Do you know what the most common job application mistakes are? Most job seekers don’t.
The majority of job seekers also don’t realize just how detrimental these blunders can be.
Many of these errors result in automatic rejections, meaning candidates don’t even get the chance to interview.
Here are 6 of the most common job application mistakes to avoid if you want to be successful in your next job search.
And don’t worry, they can all be easily fixed.
Mistake #1: Having a Resume that isn’t ATS Friendly
ATS stands for Applicant Tracking System which is a computer program that evaluates your job application materials and resume.
The computer program scans your resume, looking for designated keywords.
In other words, if the job description states a specific degree or experience in a particular job is required, ATS will be looking for that.
If your resume contains the necessary information, it gets passed to the next stage, during which time a human evaluates it.
In short, it is possible to be rejected by a computer without a person ever reading your application.
There are a few reasons you may be rejected outright by ATS:
ATS is very sensitive to unusual fonts, graphics, colors, and images. Even columns and formatting can confuse the program.
If the ATS cannot read the content, it frequently produces an automatic rejection.
Be sure your resume is ATS optimized to ensure you aren’t unnecessarily disqualified.
Common Job Application Mistake #2: Not Tailoring Resumes to Job Postings
Too often job seekers submit the same resume to every job. This is a BIG mistake.
The job description explains what the hiring manager is looking for.
It’s critical to tailor your job application to every single job posting.
And avoid getting too creative. Use words, headings, and titles, that are easily understood.
More than once, I’ve seen people list creative titles on their resumes and get excluded from consideration.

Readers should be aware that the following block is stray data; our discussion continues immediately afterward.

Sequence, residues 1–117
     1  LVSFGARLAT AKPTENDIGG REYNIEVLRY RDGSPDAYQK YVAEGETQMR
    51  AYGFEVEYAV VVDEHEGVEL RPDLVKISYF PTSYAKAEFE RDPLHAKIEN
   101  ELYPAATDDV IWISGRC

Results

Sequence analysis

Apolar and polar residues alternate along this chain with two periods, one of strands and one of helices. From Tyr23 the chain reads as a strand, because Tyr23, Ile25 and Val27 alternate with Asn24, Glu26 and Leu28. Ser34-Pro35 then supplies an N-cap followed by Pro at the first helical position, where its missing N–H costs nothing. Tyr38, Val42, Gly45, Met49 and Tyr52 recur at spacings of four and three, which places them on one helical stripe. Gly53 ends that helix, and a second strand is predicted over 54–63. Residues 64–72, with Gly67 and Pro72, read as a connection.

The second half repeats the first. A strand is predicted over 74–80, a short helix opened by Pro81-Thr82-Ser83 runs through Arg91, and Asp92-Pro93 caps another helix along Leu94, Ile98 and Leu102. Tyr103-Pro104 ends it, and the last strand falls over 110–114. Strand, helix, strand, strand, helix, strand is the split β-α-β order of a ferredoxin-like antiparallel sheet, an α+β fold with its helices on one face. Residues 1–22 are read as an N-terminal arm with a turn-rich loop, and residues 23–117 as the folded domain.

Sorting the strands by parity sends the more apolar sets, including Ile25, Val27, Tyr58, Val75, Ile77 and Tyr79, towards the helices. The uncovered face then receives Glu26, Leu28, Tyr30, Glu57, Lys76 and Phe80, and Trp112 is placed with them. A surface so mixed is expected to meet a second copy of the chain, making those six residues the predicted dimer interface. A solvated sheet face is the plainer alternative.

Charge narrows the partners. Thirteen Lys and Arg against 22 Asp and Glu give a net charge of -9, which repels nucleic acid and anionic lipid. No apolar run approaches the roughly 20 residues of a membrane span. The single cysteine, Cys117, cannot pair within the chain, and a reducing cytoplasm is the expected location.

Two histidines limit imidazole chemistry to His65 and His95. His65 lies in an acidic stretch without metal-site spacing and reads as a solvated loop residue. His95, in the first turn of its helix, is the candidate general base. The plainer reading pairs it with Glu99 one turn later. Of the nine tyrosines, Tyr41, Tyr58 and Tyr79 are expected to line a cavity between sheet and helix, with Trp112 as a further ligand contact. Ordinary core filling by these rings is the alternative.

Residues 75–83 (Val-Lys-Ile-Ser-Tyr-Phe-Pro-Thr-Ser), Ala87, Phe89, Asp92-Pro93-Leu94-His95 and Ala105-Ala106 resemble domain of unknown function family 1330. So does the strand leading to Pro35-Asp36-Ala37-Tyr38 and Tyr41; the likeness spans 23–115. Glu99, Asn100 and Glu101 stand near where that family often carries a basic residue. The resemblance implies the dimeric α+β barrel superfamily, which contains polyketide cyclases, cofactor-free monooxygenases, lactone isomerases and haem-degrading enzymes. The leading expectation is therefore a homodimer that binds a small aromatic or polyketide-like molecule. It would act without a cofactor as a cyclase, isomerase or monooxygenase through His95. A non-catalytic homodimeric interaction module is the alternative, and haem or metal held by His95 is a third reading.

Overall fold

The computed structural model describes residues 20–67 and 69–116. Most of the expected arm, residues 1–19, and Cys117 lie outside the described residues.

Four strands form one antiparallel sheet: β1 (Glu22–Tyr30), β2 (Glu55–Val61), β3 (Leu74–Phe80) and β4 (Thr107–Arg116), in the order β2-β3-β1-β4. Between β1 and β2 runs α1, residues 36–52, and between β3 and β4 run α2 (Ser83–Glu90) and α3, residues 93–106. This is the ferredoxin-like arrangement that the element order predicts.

Recently, the job title Chief Happiness Officer has come into fashion.
This translates as a Human Resources Manager.
Even if your “official” title is creative, rather than risk confusing ATS or a recruiter, use a common job title that is easily understood.
Common Job Application Mistake #3: Applying to Too Many or Too Few Jobs
Some job candidates have their heart set on one company or a particular job.
Other individuals apply for every job under the sun. This is not the correct approach either.
There are lots of jobs out there. Identify roles that interest you, companies you’d like to work for, and what is realistic given your current skill set.
You may need to take a step back if you are trying to pivot to a different industry or want to get hired by a particular company.
Also, don’t put your job search on hold because you are waiting to hear back on one application.
This is almost never a good approach.
I’ve known countless individuals who’ve gotten rejection notifications months, and sometimes years later. And sometimes, companies don’t even send a rejection!
If you wait to hear back from one company before applying for the next job, your job search could take years.